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Student Spotlight: Nick Reyna

Student Spotlight: Nick Reyna

Congratulations to our newest Master of Science, Nicholas Reyna!

Nick Reyna and Ray Allen 2nd place oralNick Reyna was awarded 2nd place in student oral presentations at this year's Texas Bays and Estuaries Meeting. Pictured with meeting sponsor, Ray Allen, from the Coastal Bend Bays & Estuaries Program. Nick Reyna

Faculty Supervisors: Drs. Amber Hardison and Zhanfei Liu

Research Area: Marine Chemistry

Please tell us a little bit about your research project.
My research is centered on how storm events can change local estuaries. We used chemical biomarkers to track the impact of major storm events on organic matter in the Mission-Aransas Estuary. Previous research found that major storm events can change the amount and quality of the organic matter in the system. Organic matter, or carbon, represents the energy available for the rest of the food web. The novel thing about my study is that we were able to track phytoplankton communities over an extended period of drought and a significant storm event (heavy rainfall we had in the spring of 2015). We found that storm events can have immediate and lasting impacts on the phytoplankton community in our estuary.
How long? In our case the phytoplankton community experienced a major shift in dominant species for at least a period of 4-5 months after a storm event.

How did you decide you wanted to pursue marine science?
I spent a lot of my summers and weekends fishing in South Padre Island with my dad. Early on I was interested in the abundance and diversity of fish - what we would catch, accidentally catch, and also see. Figuring out the patterns of fish was always very interesting to me. Right off the bat I wanted to learn more about their ecosystems, habitats, and what was driving them. I didn’t expect to go into marine chemistry, but that’s where I found a nice middle ground with my other interests. It’s an avenue to figure out what was going on in these systems.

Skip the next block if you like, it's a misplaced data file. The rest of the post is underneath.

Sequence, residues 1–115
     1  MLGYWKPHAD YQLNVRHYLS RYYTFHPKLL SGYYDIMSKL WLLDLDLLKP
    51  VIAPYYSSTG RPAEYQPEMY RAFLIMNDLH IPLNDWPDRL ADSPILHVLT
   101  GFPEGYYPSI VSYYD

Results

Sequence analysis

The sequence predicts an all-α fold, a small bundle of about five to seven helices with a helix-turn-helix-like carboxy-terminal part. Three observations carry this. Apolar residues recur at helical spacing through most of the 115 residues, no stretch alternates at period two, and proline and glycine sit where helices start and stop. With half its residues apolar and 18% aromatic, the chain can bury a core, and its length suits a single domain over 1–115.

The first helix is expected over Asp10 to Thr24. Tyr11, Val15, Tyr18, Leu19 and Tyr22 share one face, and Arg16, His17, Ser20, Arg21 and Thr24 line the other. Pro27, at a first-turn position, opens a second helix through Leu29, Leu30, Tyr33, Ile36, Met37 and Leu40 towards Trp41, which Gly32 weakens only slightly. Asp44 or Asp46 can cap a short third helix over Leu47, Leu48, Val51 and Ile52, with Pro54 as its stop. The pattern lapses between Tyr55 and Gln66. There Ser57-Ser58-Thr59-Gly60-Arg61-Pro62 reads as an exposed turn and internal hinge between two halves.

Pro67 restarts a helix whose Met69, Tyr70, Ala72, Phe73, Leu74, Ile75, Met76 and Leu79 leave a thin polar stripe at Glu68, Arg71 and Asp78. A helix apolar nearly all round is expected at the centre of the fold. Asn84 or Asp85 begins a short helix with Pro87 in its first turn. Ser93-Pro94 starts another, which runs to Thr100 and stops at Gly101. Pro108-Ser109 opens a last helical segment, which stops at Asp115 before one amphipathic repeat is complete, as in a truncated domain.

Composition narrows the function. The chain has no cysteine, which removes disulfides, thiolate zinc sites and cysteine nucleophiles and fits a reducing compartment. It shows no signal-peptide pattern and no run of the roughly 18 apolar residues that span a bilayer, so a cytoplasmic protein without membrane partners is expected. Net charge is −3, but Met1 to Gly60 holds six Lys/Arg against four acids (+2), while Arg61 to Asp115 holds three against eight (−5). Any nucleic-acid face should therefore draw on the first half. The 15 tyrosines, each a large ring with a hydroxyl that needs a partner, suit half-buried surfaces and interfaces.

In 10 years what would you like to have accomplished?
I would have liked to have furthered available knowledge and information used in coastal management. I’d like to be either a steward of the data, or user of that data to influence coastal manage projects. When looking back it would be nice to say that I have had an impact on this project or I was able to help figure out how to better use or manage a resource. As scientists and stewards of data, I think that it’s our duty to make sure it’s being put to good use. I think that’s not how it historically has been done and I would would like to help bridge that gap.

What is the most interesting or surprising thing you’ve gotten to do for your research project?
Recently the coolest thing was discovering this big shift in our phytoplankton community that was brought on by an explosion of one species which also happens to be found throughout the world. It’s interesting to me that I was able to determine patterns in this species and how it responds, and that these patterns are the so similar to those found around the world. The ubiquity of oceanic systems in a way, blew my mind. Seeing where my work fits in on a global scale has been very exciting.

What has been the greatest reward of doing research? The greatest challenge?
The greatest reward has been to be around people that are so passionate about what they do and that are focused on ecosystems that I am personally vested in. Part of it is being exposed to places and being in the field with these passionate experts. Seeing that first hand has been the greatest reward. The greatest challenge, in a one word answer has been - writing. Leaning how to communicate data to other scientists and the public has been the biggest challenge for me by far.

What inspires you?
I guess the fact that there is still so much that we don’t know about marine environments. That’s something that you don’t appreciate if you’re not vested in something. Trying to capture and understand what is happening now while keeping track of natural and unnatural changes is a challenge. However, I think being able to develop baselines of data so that there is something for people to build upon in 50 years is exciting and necessary.

Why did you choose UTMSI?
I worked with Dr. Zhanfei Liu as an undergraduate student and I wanted to continue along that path. I got interested in marine chemistry and knew that I should pursue it. I liked the experimental design and how decisive chemistry could be. Working with Dr. Amber Hardison has also exposed me to different projects and people that I wouldn’t have otherwise been able to experience. I had this opportunity and I couldn’t pass it up.

What has been your most memorable moment at UTMSI?
There was a time when we were sampling in the Aransas River. It was a very hot day in the middle of summer. Dr. Jim McClelland jumped in to cool off and so did I, only to realize that later, while on an evening sampling trip, that river is heavily infested with alligators. In hindsight, ‘man that was not a smart decision.’

If you were a marine organism what would you be and why?
I would have to say that I’d be a migratory seabird. You could capture the best of the seasons and you would get to see entire continental United States once a year. It’s obviously a hazardous lifestyle, but it would be worth it.

Nick Reyna graduated this December with a master of science. He received his bachelor of science in marine and freshwater biology from The University of Texas in 2014. Nick hails from Mission, Texas and is currently applying for positions in coastal science.

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